Fungi have emerged as important pathogens causing morbidity and mortality mainly in immunosuppressed, malnourished and elderly patients. It has detected an increase in resistance to azoles primarily to fluconazol. The fungal infections have become a problem of public health for the resistance to antifungal agents, they have developed new antifungals with broad-spectrum. The aim of this study was determine the antifungal susceptibility of yeasts isolated from clinical samples (respiratory secretions, exudates, wounds, blood cultures, urine cultures) obtained from inpatients and outpatients of a tertiary hospital from State of Puebla. The antifungal susceptibility of the yeast from several clinical samples were determined by the CLS M44-A disk diffusion methods. 149 samples of yeast were analyzed. All species were 100% susceptible to nystatin and amphotericin B. Candida albicans showed resistance of 95.5 % to fluconazole, 50.7 % to 5-flurocytosine and 55.2 % intermediate susceptibility to ketoconazole. Candida glabrata 81.3 % was susceptibility to ketoconazole and 75 % to fluconazole, for the case of 5-flurocytosine the 56.3 % was susceptible. Candida krusei 100 % was susceptible to ketoconazole, 50 % to fluconazole and 37.5 % to 5-flurocytosine. The internal medicine have greater diversity of yeast, the samples have susceptibility of 64.7% to ketoconazole, 47.1 % to fluconazole and 27.5 % to 5-flurocytosine. Hospitalized patients are more resistant to fluconazole and nystatin, but in the case of outpatients presents resistance to ketoconazole.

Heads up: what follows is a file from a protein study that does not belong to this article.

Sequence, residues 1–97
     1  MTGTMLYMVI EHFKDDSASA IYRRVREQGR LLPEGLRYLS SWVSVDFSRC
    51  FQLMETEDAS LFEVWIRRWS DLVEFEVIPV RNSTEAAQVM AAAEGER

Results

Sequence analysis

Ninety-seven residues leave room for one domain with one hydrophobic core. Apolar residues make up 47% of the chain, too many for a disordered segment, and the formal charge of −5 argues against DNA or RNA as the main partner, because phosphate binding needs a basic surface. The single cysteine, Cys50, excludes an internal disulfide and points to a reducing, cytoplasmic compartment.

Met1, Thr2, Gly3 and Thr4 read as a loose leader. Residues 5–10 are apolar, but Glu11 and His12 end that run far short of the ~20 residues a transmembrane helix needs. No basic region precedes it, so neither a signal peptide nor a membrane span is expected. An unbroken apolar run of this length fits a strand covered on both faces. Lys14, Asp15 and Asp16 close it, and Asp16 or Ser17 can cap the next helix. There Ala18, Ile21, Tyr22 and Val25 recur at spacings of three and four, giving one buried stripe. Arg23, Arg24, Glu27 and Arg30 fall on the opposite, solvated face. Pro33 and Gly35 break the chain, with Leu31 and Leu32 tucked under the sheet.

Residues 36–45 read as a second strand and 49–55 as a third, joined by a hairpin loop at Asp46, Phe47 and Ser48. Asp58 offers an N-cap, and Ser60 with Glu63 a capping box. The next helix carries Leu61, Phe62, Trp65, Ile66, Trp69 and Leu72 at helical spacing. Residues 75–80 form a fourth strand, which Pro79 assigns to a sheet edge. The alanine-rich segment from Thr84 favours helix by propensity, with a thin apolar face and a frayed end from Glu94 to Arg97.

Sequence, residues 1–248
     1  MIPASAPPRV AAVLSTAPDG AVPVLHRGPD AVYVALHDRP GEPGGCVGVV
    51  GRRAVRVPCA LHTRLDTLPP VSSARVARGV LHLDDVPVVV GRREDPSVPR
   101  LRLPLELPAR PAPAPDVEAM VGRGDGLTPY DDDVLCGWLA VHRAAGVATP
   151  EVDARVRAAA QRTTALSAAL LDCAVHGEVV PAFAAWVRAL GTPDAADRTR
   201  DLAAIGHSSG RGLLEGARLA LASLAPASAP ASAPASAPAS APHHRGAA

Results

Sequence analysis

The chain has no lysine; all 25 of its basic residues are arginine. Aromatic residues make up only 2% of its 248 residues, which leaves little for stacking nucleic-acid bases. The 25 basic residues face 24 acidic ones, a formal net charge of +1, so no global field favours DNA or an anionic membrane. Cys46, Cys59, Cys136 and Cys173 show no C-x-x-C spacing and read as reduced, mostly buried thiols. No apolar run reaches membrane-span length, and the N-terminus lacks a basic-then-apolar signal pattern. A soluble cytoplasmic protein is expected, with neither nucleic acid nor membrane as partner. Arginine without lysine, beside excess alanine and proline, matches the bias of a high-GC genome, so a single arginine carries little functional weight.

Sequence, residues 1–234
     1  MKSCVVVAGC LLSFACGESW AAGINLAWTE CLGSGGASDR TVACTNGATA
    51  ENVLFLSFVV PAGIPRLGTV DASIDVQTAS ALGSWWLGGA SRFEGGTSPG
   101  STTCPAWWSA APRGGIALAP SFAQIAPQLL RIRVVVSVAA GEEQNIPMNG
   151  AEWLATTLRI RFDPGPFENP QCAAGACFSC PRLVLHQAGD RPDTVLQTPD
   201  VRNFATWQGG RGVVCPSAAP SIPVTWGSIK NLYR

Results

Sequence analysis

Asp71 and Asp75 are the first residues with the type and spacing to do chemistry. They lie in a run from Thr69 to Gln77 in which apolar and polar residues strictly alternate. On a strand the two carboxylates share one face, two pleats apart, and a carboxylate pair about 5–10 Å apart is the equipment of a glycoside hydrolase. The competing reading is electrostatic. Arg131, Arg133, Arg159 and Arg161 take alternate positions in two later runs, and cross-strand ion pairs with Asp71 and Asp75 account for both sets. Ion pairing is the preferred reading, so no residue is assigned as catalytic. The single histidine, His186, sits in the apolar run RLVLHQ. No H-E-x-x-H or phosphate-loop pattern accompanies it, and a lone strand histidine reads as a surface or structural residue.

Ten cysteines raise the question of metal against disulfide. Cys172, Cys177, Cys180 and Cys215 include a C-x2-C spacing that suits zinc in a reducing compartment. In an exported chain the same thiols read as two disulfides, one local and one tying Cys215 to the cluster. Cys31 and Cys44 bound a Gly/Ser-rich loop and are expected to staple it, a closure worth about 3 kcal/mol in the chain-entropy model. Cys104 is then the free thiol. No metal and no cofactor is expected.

Keywords: antifungal, susceptibility, yeast, clinical samples

Procedia PDF Downloads 235
24 Supply Chain and Performance Measurement: An Alignment With Sustainable Development Goals

Authors: Miriam Corrado, Roberta Ciccola, Maria Serena Chiucchi

Abstract:

SDGs represent the last edge in the sustainability corporate practices, including the supply chain management. Supply chains are becoming more global and complex, can create more inclusive markets and make contribution to the advance of the sustainable development. In corporate practices, the presence of sustainability criteria in supply chain management could offer an opportunity to increase competitiveness and to meet stakeholders’ expectations in terms of sustainability and corporate accountability. The research aims to understand how focal companies can integrate SDGs in their supply chain and how they can measure and assess their impacts on SDGs. The study adopts a multiple case study methodology based on four case studies referred to companies committed in measuring SDGs’ performance in their supply chains. Preliminary findings demonstrate the willingness and the need of companies to commit under a supply-chain perspective for the achievement of SDGs. Companies recognize their role in impacting the SDGs through their procurement choices by defining and implementing an SDGs scoring system. The contribution of the study is twofold: first, given the lack of research and studies addressing the integration of SDGs in the supply chain and in the performance measurement systems, the research provides a contribution to the current academic literature in relation to these emerging gaps; second, the research provides a practical guidance to implement a sustainable supply chain and advance towards the achievement of SDGs.

Keywords: sustainable supply chains, sustainable development goals, performance measurement, performance management